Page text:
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Discovery of the Optical Counterpart and Early Optical Observations of GRB 990712


Sahu, KC and Vreeswijk, P and Bakos, G and Menzies, JW and Bragaglia, A and Frontera, F and Piro, L and Albrow, MD and Bond, IA and Bower, R and Caldwell, JAR and Castro-Tirado, AJ and Courbin, F and Dominik, M and Fynbo, JU and Galama, T and Glazebrook, K and Greenhill, JG and Gorosabel, J and Hearnshaw, J and Hill, KM and Hjorth, J and Kane, S and Kilmartin, PM and Kouveliotou, C and Martin, R and Masetti, N and Maxted, P and Minniti, D and Moller, P and Muraki, Y and Nakamura, T and Noda, S and Ohnishi, K and Palazzi, E and van Paradijs, J and Pian, E and Pollard, KR and Rattenbury, NJ and Reid, M and Rol, E and Saito, T and Sackett, PD and Saizar, P and Tinney, C and Permaak, P and Watson, RD and Williams, A and Yock, P and Dar, A, Discovery of the Optical Counterpart and Early Optical Observations of GRB 990712, The Astrophysical Journal, 540, (Sep 1) pp. 74-80. ISSN 0004-637X (2000) [Refereed Article]

DOI: doi:10.1086/309340


We present the discovery observations of the optical counterpart of the gamma-ray burst GRB 990712 taken 4.16 hr after the outburst and discuss its light curve observed in the V, R, and I bands during the first ∼35 days after the outburst. The observed light curves were fitted with a power-law decay for the optical transient (OT), plus an additional component that was treated in two different ways. First, the additional component was assumed to be an underlying galaxy of constant brightness. The resulting slope of the decay is 0.97+0.05-0.02 and the magnitudes of the underlying galaxy are V = 22.3 ± 0.05, R = 21.75 ± 0.05, and I = 21.35 ± 0.05. Second, the additional component was assumed to be a galaxy plus an underlying supernova with a time-variable brightness identical to that of GRB 980425, appropriately scaled to the redshift of GRB 990712. The resulting slope of the decay is similar, but the goodness of fit is worse, which would imply that either this GRB is not associated with an underlying supernova or the underlying supernova is much fainter than the supernova associated with GRB 980425. The galaxy in this case is fainter: V = 22.7 ± 0.05, R = 22.25 ± 0.05, and I = 22.15 ± 0.05, and the OT plus the underlying supernova at a given time is brighter. Measurements of the brightnesses of the OT and the galaxy by late-time Bubble Space Telescope observation and ground-based observations can thus assess the presence of an underlying supernova.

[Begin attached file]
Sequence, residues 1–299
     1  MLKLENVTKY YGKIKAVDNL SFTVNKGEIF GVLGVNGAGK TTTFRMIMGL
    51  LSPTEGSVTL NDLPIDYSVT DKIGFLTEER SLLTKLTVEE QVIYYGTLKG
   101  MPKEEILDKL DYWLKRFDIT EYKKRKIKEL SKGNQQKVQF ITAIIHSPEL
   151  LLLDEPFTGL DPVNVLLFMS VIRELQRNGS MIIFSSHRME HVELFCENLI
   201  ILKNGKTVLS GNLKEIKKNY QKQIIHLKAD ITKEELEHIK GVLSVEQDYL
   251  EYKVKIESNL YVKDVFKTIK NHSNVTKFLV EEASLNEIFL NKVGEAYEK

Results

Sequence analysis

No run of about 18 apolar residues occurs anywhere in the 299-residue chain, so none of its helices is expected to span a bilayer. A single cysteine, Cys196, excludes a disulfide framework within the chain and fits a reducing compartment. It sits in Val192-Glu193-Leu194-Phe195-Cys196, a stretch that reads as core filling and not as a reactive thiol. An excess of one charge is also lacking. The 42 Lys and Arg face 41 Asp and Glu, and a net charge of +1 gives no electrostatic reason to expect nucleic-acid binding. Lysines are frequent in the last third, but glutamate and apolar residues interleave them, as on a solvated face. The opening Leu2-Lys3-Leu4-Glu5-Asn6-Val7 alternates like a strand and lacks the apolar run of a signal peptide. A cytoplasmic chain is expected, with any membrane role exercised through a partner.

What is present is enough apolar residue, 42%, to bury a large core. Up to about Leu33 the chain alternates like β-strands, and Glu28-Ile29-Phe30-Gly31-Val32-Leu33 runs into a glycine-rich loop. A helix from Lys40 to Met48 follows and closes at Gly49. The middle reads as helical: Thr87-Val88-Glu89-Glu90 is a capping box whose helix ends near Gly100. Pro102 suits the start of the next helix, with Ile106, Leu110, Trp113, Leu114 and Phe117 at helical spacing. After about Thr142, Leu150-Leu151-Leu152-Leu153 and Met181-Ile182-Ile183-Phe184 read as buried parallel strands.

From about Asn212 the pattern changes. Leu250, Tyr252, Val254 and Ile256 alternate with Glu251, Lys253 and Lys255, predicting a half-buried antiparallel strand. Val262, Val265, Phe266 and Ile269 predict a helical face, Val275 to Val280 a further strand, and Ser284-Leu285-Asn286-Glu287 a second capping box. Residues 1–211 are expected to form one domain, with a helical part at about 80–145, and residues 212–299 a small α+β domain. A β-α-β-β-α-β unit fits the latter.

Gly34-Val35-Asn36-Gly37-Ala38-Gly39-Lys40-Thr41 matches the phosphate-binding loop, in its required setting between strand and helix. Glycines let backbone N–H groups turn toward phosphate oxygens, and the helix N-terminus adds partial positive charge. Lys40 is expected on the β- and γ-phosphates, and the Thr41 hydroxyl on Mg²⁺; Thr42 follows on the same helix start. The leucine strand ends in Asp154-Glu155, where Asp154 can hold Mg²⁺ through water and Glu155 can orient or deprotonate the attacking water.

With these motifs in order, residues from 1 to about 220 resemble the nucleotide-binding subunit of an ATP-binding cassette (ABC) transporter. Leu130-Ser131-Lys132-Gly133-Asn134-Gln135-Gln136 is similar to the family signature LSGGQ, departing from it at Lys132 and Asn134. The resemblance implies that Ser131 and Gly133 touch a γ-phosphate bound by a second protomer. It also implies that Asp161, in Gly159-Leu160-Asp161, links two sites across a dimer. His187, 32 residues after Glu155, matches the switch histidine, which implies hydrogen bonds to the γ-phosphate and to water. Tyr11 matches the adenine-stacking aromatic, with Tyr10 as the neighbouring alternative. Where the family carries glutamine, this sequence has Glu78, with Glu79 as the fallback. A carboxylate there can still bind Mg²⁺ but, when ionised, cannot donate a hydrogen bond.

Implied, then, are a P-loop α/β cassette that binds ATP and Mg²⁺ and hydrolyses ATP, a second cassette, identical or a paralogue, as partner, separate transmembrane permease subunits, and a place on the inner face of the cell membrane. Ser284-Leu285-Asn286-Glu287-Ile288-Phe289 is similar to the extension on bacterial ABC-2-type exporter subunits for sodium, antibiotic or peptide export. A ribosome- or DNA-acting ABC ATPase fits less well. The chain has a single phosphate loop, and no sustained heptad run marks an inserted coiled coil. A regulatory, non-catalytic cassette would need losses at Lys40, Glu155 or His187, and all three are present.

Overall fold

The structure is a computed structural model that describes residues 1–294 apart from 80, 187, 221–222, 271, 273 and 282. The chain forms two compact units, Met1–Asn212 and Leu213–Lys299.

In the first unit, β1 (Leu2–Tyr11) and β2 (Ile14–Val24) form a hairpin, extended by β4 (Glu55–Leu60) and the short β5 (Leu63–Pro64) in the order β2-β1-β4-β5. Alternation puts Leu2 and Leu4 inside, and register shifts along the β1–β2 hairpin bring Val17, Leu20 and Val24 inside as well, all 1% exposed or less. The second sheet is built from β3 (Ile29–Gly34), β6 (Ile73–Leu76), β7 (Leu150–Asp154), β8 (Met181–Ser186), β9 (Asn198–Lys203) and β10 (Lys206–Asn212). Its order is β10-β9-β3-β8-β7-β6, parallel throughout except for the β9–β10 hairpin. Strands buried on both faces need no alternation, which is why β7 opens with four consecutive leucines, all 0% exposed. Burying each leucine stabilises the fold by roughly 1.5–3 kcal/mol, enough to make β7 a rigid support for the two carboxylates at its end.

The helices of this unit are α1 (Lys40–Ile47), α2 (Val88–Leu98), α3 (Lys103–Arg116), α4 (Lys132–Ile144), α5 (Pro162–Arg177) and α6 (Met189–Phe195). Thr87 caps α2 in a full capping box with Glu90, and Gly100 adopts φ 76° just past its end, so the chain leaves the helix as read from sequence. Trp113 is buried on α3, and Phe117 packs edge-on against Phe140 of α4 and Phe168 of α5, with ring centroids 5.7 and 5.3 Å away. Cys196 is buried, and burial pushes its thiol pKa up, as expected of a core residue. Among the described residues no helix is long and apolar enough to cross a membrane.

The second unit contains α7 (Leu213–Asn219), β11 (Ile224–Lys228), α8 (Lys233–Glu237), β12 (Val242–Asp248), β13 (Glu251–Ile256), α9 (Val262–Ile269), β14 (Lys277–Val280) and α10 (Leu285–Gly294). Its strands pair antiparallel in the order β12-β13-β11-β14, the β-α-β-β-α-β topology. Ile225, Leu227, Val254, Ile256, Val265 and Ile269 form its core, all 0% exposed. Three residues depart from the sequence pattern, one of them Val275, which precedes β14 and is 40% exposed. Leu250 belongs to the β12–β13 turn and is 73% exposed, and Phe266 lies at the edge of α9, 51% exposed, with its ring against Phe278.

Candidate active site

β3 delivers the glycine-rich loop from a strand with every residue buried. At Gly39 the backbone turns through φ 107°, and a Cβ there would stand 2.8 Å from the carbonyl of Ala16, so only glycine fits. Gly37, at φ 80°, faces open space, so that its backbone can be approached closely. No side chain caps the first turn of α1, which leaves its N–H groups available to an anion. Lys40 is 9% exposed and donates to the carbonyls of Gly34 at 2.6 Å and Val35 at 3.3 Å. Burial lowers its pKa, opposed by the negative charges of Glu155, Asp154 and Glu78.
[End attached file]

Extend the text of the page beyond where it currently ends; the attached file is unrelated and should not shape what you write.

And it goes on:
Item Details

Item Type:Refereed Article
Research Division:Physical Sciences
Research Group:Astronomical sciences
Research Field:Galactic astronomy
Objective Division:Expanding Knowledge
Objective Group:Expanding knowledge
Objective Field:Expanding knowledge in the physical sciences
UTAS Author:Greenhill, JG (Dr John Greenhill)
UTAS Author:Hill, KM (Dr Kym Hill)
UTAS Author:Kane, S (Dr Stephen Kane)
UTAS Author:Watson, RD (Dr Bob Watson)
ID Code:20117
Year Published:2000
Web of Science® Times Cited:43
Deposited By:Physics
Deposited On:2000-08-01
Last Modified:2001-05-07

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